Hanna’s past slowly infiltrates the film through flashback and backstory. The child of a murdered mother, Hanna is a successful medical experiment run by the CIA for several years. One day Erik got fed up with the program, and he rescued mother and child, only to run into another CIA agent who killed the mother.
From that day Erik and Hanna have lived without contacting the outside world. They exist in their forest cabin. Erik reads Hanna selections from an encyclopedia, all the better to prepare her with. It leads to strange questions from Hanna, such as “What does music feel like?” asked while Erik reads about blue whales and the species’s music.
The constant practice comes to and end one day when Hanna flicks a switch that alerts the CIA to Erik’s location. She’s prepared her entire life for this moment, and after a drill giving Hanna a cover story, she and Erik leave the cabin, agreeing to meet in Berlin.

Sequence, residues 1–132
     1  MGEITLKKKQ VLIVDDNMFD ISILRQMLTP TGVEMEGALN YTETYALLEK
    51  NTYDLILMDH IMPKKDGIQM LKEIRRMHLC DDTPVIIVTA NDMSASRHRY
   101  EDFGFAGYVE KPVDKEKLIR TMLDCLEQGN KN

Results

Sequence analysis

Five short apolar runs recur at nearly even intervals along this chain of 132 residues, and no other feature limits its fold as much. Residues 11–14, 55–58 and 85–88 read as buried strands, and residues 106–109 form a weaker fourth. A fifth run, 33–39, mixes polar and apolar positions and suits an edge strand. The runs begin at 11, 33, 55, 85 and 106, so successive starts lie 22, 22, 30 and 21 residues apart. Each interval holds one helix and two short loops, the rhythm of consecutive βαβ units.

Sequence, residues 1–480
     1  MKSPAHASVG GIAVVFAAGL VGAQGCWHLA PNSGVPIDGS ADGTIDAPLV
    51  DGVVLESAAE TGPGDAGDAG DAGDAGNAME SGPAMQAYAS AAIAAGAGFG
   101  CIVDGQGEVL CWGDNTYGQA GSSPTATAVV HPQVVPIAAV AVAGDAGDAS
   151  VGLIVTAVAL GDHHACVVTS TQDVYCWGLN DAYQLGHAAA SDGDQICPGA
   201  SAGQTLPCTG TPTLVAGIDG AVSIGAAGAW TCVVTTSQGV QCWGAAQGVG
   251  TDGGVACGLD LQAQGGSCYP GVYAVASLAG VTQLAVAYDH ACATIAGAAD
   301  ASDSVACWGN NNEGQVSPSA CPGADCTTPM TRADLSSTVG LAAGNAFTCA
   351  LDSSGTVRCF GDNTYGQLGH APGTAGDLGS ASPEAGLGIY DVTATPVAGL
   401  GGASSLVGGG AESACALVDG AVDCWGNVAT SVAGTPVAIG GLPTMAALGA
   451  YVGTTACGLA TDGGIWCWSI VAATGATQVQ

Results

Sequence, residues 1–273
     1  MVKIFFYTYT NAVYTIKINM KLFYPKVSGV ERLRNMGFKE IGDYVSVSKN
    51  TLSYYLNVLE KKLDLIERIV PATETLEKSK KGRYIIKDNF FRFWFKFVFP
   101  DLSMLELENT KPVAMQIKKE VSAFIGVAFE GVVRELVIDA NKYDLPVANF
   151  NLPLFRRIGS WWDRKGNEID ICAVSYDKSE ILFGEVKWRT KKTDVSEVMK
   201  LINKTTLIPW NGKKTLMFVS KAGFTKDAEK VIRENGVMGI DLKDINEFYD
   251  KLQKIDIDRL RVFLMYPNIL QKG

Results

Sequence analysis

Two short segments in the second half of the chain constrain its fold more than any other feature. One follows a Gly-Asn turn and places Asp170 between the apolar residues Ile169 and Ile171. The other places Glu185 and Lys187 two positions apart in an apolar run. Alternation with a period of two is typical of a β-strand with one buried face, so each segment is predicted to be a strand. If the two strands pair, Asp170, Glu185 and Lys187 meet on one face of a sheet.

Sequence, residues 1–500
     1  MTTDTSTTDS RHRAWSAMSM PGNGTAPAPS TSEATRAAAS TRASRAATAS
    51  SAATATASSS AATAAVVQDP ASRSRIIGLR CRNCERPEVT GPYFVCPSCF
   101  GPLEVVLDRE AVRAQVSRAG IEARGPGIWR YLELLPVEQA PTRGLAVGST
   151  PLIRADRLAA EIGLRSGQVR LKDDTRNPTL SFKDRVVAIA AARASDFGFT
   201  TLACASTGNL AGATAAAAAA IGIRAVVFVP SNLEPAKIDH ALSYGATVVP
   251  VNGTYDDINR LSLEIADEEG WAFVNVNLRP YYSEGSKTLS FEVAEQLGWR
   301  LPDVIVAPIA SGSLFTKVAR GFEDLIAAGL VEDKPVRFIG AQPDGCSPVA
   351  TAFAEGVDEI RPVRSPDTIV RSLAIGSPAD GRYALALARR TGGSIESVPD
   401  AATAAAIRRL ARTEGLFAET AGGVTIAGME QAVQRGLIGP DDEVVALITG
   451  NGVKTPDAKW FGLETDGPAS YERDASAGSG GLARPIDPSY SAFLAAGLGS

We expect Hanna to do cool things, and she does not disappoint. The men sent to the cabin to capture or kill Erik don’t find him. Instead they find Hanna and the two dead bodies of mercenaries at her feet. They capture Hanna instead.
Hanna’s capture was the first of a few surprises. She’s taken to a secure underground facility where she asks to meet Marissa Wiegler (Cate Blanchett), the woman who’s chasing her. Another surprise. Marissa agrees, but she sends a body double to greet Hanna. That appears to be a strange move, but we soon learn it was a wise one. Hanna kills the double and the two guards in the room. She escapes the CIA facility on her own.